Discuss as:

Associated Press photographer talks about looking for the familiar in isolated North Korea

David Guttenfelder / AP

In this Tuesday Oct. 11, 2011 photo, North Korean soccer fans react after their team missed a goal during a World Cup qualifying match between North Korea and Uzbekistan, in Pyongyang, North Korea.

Associated Press photographer David Guttenfelder has made five trips to North Korea this year. Here's a slideshow from his recent travels, and his comments about the trip are below: 

During a reporting trip to North Korea last month, AP Seoul Bureau Chief Jean Lee and I asked to visit one of the country's largest shopping centers: Pyongyang Department Store No. 1. Inside the crowded four-story building, drab, domestically produced goods were stacked on racks all around us. There were unsteady pyramids of rain boots and dozens of women's bras stapled to a wall. On one TV among a bank of sets for sale, a video of leader Kim Jong Il astride a galloping stallion played on a loop. Everything felt strange to me.

But then I saw something familiar. I saw a father with his young daughter in a bright pink jacket riding the escalator. As they reached the 4th floor, the man playfully lifted his little girl in the air by her wrists and then set her safely down over the last moving stair. It was something so natural, so universal. I have young daughters and I do the same on escalators.  I felt a connection, and took a picture.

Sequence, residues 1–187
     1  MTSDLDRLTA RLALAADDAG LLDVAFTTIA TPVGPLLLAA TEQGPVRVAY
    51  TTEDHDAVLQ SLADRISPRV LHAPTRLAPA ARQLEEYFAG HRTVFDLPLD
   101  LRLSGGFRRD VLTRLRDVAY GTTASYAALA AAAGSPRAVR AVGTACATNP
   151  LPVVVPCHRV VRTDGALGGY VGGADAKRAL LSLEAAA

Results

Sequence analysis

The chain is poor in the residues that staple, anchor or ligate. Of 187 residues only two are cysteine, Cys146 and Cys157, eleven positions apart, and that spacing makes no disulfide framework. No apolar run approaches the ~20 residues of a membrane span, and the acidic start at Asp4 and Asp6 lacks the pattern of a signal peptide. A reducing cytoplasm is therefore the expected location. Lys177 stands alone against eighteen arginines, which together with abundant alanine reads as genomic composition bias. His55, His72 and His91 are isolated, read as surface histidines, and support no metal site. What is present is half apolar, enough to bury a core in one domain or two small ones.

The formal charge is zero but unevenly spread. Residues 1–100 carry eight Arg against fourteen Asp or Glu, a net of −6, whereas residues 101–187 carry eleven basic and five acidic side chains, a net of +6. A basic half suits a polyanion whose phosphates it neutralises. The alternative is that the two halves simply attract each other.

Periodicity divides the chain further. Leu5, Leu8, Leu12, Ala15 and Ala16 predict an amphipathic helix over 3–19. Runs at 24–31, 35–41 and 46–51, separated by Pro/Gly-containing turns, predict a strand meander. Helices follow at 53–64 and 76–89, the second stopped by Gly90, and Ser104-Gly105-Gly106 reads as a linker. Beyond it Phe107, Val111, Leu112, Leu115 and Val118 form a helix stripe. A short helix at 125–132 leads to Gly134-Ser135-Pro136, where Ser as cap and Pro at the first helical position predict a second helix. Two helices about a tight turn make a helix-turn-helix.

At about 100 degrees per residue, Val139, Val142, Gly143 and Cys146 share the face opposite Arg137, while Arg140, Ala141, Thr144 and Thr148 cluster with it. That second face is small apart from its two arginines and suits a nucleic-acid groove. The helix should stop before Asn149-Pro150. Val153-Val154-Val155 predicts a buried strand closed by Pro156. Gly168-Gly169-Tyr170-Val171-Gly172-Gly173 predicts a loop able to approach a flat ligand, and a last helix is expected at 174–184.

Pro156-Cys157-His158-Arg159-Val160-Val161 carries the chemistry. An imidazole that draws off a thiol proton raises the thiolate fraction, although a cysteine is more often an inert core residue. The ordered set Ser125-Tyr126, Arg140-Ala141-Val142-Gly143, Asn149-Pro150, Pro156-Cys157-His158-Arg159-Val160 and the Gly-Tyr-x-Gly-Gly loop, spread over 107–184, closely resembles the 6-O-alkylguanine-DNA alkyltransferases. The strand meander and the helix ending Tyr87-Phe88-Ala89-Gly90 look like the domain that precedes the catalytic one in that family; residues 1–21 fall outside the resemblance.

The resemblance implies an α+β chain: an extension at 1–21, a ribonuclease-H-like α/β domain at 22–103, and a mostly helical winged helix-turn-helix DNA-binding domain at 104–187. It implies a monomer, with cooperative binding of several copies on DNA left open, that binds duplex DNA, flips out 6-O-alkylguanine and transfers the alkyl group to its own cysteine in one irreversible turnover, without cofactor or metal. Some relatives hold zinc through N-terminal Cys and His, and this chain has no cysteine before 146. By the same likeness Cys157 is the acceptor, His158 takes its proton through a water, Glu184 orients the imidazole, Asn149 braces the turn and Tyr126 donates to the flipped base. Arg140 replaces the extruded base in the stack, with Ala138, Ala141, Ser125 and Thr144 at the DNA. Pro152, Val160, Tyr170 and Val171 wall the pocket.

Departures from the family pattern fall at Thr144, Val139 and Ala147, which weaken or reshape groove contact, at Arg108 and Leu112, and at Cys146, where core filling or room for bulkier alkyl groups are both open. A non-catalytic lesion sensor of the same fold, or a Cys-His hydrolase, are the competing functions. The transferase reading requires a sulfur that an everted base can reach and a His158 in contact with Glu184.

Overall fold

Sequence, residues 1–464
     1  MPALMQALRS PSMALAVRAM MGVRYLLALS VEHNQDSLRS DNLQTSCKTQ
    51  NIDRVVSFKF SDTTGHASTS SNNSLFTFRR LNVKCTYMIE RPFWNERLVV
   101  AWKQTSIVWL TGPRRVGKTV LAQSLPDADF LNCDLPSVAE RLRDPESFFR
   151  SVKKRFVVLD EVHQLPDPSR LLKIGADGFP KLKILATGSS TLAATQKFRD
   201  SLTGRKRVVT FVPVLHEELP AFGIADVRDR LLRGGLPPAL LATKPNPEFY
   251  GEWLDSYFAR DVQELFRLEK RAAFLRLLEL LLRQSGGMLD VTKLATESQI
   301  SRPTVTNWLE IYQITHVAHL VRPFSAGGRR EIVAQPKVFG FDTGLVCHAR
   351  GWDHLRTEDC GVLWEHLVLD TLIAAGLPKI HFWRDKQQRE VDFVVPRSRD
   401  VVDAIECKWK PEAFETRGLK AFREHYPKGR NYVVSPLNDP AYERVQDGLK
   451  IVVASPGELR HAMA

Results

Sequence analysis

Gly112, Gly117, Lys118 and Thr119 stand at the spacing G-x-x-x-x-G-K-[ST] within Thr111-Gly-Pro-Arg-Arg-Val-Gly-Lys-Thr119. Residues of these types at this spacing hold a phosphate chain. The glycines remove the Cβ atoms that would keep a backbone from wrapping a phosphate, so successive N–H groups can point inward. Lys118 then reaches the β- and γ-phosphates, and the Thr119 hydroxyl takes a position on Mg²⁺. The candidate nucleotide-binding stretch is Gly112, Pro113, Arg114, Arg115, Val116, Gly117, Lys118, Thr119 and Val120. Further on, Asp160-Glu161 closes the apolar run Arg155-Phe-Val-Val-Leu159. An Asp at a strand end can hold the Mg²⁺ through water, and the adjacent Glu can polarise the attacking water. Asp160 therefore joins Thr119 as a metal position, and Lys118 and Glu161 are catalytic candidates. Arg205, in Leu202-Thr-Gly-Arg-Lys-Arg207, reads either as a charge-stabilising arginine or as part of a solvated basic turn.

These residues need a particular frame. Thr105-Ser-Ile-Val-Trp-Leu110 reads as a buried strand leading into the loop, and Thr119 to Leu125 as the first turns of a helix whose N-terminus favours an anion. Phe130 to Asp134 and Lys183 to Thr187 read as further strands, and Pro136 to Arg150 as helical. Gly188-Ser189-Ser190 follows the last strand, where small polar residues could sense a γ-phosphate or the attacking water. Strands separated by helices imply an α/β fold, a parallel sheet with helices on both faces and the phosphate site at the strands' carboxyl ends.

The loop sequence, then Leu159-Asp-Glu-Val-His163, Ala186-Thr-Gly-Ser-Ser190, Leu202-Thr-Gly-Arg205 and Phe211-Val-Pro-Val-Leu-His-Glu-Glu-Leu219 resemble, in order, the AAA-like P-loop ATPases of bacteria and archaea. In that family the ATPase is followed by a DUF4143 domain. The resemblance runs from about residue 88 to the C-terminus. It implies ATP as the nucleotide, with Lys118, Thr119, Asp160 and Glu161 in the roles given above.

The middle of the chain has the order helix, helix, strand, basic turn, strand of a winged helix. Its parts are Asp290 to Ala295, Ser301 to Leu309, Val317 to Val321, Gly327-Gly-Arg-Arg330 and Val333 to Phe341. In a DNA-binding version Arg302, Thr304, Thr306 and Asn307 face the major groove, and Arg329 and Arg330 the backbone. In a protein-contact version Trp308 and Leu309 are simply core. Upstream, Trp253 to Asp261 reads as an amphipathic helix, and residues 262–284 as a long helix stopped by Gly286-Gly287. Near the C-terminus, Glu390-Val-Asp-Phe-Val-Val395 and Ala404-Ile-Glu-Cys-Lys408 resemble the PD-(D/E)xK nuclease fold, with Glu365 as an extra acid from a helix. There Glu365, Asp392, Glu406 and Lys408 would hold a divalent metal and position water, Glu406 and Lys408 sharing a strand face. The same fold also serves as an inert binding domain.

David Guttenfelder / AP

In this Sunday Oct. 9, 2011 photo, a North Korean man lifts his child up as they arrive at the top of the escalator at Pyongyang Department Store No. 1 in downtown Pyongyang, North Korea.

Photographers all over the world use feature pictures and street photography to try and say something meaningful about regular people's lives. It looks simple, but I think it is one of the most important things we do as photographers. It is even more important in a country like North Korea, where decades of  isolation have left it a mystery to most of the world. The responsibility of opening a window into life there - even if we open it little by little - is something I take seriously.

David Guttenfelder / AP

In this Monday, Oct. 24, 2011 photo, North Korean commuters look out from the rear window of a trolley car in Pyongyang.

Between the two of us,  Jean and I have made 19 trips to North Korea.
This was our fifth together in 2011. North Korea has little experience with foreign journalists, and there are limits to what we are allowed to see. Our goals for each trip have been modest, but each time we try to find ways to understand, and explain the country better.